Northeast Washington in Washington, District of Columbia — The American Northeast (Mid-Atlantic)
Between Kenilworth and Anacostia Avenues, and Lee and Ord Streets, NE
—African American Heritage Trail, Washington, DC —
Water and land embrace one another here in Eastland Gardens, adjacent Kenilworth Aquatic Gardens. The Neighborhood dates to 1928 when a group of developers call Eastland Gardens Inc. bought some 150 acres of the former Benning Racetrack property and began constructing houses. Over 150 Eastland Gardens homes – Many still owned by the original families in 2010 – were designed by prominent architects including Romulus C. Archer, Jr., Lewis W. Giles, Sr., John A. Lankford, Howard Mackey, Sr., James A. Plater, James L. Turner, and Roscoe I. Vaughn. Many early residents overcame their era’s racial barriers, such as Owen Davis, who became DC’s first black police captain in 1965.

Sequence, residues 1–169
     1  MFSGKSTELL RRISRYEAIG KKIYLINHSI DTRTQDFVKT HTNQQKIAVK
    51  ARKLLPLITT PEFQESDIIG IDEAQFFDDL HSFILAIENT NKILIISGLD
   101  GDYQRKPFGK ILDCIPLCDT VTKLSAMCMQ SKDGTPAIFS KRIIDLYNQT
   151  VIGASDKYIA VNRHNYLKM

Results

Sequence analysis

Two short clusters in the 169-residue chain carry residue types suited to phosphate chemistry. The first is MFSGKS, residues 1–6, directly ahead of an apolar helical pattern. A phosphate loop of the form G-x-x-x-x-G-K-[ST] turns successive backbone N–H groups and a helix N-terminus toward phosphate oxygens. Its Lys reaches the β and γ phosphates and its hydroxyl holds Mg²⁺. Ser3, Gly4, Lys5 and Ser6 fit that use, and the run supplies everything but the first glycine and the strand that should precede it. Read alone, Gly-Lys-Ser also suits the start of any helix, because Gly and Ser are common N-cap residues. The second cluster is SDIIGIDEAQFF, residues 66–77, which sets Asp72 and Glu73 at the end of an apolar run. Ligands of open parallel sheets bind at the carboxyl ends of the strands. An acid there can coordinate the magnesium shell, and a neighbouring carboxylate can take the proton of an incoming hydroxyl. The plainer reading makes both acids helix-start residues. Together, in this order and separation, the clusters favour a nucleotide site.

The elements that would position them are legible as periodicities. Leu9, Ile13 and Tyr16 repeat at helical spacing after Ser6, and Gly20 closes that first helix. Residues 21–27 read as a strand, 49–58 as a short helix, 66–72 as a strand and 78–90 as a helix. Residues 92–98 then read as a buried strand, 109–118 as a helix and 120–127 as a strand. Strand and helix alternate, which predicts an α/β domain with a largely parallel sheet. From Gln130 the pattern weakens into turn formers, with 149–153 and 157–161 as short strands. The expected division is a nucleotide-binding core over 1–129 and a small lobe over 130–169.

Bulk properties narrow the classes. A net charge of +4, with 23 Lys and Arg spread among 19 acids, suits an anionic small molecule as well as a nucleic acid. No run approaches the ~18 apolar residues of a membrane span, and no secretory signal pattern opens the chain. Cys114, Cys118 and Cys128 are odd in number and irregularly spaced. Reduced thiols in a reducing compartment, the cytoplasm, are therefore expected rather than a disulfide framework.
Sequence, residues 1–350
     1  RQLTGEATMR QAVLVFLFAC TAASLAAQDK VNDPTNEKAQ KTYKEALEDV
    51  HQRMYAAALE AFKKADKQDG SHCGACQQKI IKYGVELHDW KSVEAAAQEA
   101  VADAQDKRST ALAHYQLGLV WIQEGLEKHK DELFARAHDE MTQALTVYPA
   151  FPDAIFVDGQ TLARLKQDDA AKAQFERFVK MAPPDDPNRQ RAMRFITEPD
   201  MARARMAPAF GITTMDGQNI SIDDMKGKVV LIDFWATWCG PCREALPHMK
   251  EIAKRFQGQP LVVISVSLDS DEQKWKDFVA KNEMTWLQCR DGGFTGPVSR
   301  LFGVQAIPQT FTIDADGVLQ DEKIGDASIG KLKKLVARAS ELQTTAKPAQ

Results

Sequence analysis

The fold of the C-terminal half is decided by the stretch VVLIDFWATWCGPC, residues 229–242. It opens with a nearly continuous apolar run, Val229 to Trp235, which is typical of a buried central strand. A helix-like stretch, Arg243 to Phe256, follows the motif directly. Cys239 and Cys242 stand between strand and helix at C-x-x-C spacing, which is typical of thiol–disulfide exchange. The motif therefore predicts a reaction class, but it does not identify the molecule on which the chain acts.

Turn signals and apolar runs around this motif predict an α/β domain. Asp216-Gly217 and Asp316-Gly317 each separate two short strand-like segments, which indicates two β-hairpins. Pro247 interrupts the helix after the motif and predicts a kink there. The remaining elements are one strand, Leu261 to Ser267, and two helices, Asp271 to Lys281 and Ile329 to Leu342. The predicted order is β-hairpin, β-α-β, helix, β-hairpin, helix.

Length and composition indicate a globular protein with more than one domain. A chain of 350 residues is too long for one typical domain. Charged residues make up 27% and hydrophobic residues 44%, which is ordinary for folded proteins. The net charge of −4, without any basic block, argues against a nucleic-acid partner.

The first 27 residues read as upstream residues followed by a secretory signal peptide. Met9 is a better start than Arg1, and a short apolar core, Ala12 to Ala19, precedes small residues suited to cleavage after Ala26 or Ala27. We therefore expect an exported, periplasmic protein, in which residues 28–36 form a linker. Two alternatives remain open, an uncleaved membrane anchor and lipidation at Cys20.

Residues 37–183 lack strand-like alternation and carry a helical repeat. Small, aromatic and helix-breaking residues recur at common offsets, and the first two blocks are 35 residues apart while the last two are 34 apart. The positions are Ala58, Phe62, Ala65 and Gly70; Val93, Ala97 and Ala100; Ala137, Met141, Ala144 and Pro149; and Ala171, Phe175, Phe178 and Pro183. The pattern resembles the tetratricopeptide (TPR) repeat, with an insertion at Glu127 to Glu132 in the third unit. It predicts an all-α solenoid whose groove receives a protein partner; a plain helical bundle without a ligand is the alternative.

Marker series. This marker is included in the Washington, DC African American Heritage Trail marker series.
Location. 38° 54.216′ N, 76° 56.67′ W. Marker is in Northeast Washington, District of Columbia, in Washington. Marker is on Lee Street Northeast, on the right when traveling east. Touch for map. Marker is at or near this postal address: 4115 Lee Street Northeast, Washington DC 20019, United States of America.
Other nearby markers. At least 8 other markers are within walking distance of this marker. “What Magic Has Been Wrought Here” (approx. 0.2 miles away); Designed to Compete From Gambling to Garden Apartments (approx. ¼ mile away); 100 Years of Afro-American History (approx. ¼ mile away); Shopping on Sheriff (approx. 0.4 miles away); With These Hands (approx. 0.6 miles away); Fort Mahan (approx. 0.7 miles away); From Gardens to Garden Apartments (approx. 0.7 miles away).
Categories. • African Americans • Settlements & Settlers •
Credits. This page was last revised on July 10, 2018. This page originally submitted on July 5, 2018, by Allen C. Browne of Silver Spring, Maryland. This page has been viewed 47 times since then. Photos: 1, 2, 3, 4. submitted on July 5, 2018, by Allen C. Browne of Silver Spring, Maryland. • Bill Pfingsten was the editor who published this page.